There is a gap between what is known about the nature of existence, and how it is experienced on the ordinary level. All matter, including bodies, is composed of elements that are probabilities (electron clouds). We live in a home of such vast space that it cannot be conceived of by the imagination, only by mathematics. So, we exist as the mundane, composed of the sublime. My artistic practice explores the breach between the narrative, sequential manner in which life is experienced, and the accumulation of knowledge that has been obtained through physics, philosophy, and spiritual traditions. Rooted in the liminal arts, drawing and collage, I use multiple media to externalize the animate abstractions of being. My projects are composed of diverse corporeal expressions (stop-motion animation, collage/ bricolage, and painting). The central concept is transcribed into a variety of forms. For example, when making work around the concept and experience of “the instant,”projected light is handled as a solid material to be divided, sifted and chopped. Narrative tropes are given similar treatment, distilled to their essentials until they are a rhythm rather than a story. Mathematical equations are expressed in a form available to the senses, explicit transformations. Each translation reveals new aspects of the original concept. Meanwhile the voids in our senses and understanding are manifested through emphatic absence.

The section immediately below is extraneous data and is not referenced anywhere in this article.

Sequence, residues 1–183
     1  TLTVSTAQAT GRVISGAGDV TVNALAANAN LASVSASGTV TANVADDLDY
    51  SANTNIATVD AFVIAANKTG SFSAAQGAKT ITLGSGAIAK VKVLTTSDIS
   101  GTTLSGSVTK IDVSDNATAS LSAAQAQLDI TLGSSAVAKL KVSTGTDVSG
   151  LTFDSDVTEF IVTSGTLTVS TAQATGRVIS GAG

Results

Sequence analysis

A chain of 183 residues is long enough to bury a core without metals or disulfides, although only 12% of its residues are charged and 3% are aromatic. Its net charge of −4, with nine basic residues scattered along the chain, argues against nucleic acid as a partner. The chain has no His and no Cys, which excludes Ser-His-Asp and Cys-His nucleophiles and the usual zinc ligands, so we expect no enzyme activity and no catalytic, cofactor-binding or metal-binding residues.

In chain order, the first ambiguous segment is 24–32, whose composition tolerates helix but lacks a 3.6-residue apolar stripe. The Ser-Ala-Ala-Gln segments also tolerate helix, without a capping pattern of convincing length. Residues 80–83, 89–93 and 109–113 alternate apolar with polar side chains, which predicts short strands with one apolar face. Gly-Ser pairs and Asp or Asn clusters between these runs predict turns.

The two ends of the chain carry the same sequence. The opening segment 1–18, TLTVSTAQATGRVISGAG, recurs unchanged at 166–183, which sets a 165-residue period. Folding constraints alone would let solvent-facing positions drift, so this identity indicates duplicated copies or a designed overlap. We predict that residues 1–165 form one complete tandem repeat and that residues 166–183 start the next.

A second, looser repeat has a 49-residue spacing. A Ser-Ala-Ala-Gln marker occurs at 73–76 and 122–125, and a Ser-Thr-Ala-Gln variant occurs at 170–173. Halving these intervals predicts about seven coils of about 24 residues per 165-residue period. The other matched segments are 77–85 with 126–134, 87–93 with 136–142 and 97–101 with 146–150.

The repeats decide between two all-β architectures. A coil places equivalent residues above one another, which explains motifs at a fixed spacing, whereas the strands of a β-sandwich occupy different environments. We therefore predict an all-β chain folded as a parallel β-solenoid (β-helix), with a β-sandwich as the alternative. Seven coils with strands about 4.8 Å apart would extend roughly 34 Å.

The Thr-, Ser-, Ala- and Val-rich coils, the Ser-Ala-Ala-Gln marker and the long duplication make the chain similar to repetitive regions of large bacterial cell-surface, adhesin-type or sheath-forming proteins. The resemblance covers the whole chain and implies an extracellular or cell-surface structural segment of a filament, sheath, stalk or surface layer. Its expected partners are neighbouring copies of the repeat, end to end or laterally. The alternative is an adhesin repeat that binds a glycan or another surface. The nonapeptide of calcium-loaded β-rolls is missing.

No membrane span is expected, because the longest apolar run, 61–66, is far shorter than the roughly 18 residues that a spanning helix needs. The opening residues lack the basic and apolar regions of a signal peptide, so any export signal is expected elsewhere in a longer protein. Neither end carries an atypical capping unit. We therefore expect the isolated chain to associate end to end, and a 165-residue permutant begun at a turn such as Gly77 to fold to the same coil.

For the past seven years, time has been the primary subject of my work, as it is the link between the sensible ordering of the self, and the incomprehensible scale of cosmic rotation, atomic decay. In previous artworks I have focussed on sensory time and its limits. This interest gave stop-motion animation a prominent position in my work. Composed of unaltered still photographs strung together through a computer program, the “real” situations captured by the lens are transmogrified through temporality. The limits of human sense can be either exposed or capitalized upon through the precise temporal control of the medium. My most recent project examined the manufacturing of historical time. Rather than traditional narrative form, “Old Powerhouse” proposed an alternative model of history; an abstract dialogue describing massive energies and their visible and invisible manipulations. This alternative historical interpretation will be embodied in an installation work composed of an experimental animation, an immersive pyramidical architectural form that must be entered in order to view the animation, and a steam machine. By examining history in a different mode, a new light is cast on the present. My upcoming project, “Cinemadrama” will be a one night event, occurring at the Ladner Clock Tower, UBC.